Monday, February 4, 2013

This Month's Topic: Stew

Just a reminder that my blog has moved to

This is the last double-posted entry.  This blog will be closed soon.

Seeing that we're still in winter, I figure that stews would be a natural progression.  Plus, if you've been making soups at all, stews are pretty much the same in both ingredients and protocols.

  • Throw stuff in pot
  • Cook long time

There are some differences, though.  In meat-based stews:

  • More meat, less water
  • More vegetables, cut into larger chunks
  • Replace noodles with other starches (potatoes, quinoa, rice)
  • Starches as a side (i.e., pour stew on said starch)
  • Thickening agents (roux, corn starch)

I'll spend a little time, not much, on meat-based stews.  I'll probably spend more time on vegetarian stews, which will employ more vegetables, starches, and in particular, lentils.  I'll also dive into some tips to add flavor, as well as some grocery tips.

Stews can be done on the stovetop, in the oven (in a dutch oven), and in a slow cooker.  I'm generalizing here (surprised?), but it seems to me that times for each go something like this:

  • Stovetop: 2-3 hours
  • Oven:  2-3 hours
  • Crockpot:  5 hours on high, 8 on low
  • Pressure Cooker:  ask your grandma.

To brown, or not to brown?

In the meat-based stews and recipes I've found, they vary.  Some say just throw the meat in the pot, others say to brown the meat first, and others say to coat the meat in flour and then brown.  The verdict?  I don't know.  I think this boils down (pun intended) to the amount of time you have.  On one hand, browning on the stovetop or dutch oven might help the meat cook faster.  On the other, time is your friend here.  The longer you cook meat (at a low temperature, that is), the more tender the meat will be.  Some will argue flavor.  In other words, if you brown the meat, you will add flavor to the stew.  I might argue that this is overrated.  There's plenty going on here, with the liquid, vegetables, and spices, that I would think the benefit is minimal to moderate.  Regardless, if you do brown the meat, it is imperative that you deglaze the pot with liquid (water, stock, wine) and scrape (read: this is not for a nonstick pan) the bits off (that stuff is where the flavor is located; it's called fond.  Who went to cooking school?  Not this guy!), making sure this liquid gets to be part of the party (i.e., if you brown the meat in a pan and put it in a slow cooker, make sure this liquid gets added).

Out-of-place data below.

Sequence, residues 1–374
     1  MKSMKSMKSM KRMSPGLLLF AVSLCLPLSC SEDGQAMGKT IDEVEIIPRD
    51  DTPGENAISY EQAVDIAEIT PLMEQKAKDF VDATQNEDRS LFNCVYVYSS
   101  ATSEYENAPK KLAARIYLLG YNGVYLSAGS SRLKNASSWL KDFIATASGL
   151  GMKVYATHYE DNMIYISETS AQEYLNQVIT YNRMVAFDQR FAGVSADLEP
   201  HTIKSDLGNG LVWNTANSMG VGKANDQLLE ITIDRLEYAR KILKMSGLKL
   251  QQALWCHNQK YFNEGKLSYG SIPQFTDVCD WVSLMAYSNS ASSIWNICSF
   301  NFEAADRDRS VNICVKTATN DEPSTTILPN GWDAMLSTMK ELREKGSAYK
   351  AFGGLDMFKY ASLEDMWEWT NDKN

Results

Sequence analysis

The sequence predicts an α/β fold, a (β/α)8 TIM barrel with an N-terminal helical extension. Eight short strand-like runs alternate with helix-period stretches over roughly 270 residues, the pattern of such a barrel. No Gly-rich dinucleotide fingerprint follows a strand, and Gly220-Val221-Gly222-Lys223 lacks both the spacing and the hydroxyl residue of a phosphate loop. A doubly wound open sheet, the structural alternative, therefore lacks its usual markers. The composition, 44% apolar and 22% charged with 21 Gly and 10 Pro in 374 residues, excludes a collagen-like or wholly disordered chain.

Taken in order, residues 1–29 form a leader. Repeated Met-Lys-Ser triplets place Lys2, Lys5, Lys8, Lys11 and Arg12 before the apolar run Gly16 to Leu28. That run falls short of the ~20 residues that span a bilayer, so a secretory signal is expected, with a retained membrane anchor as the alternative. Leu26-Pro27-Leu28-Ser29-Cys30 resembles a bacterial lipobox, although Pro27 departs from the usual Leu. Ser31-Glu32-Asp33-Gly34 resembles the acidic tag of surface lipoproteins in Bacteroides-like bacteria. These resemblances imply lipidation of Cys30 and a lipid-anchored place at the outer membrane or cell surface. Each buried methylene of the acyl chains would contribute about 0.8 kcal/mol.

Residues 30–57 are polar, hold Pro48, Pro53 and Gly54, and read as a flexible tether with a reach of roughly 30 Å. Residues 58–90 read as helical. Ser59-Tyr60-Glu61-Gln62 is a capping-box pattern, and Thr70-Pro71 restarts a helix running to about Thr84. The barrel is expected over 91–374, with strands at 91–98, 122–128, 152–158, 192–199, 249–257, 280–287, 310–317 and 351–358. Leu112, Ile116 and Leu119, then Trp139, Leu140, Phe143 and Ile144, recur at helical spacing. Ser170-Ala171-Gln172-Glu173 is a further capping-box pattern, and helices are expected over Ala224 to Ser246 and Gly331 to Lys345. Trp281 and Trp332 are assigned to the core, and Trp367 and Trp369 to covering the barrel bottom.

Next week, some stuff on roux, and my one and only meat stew recipe (with adaptations, of course).

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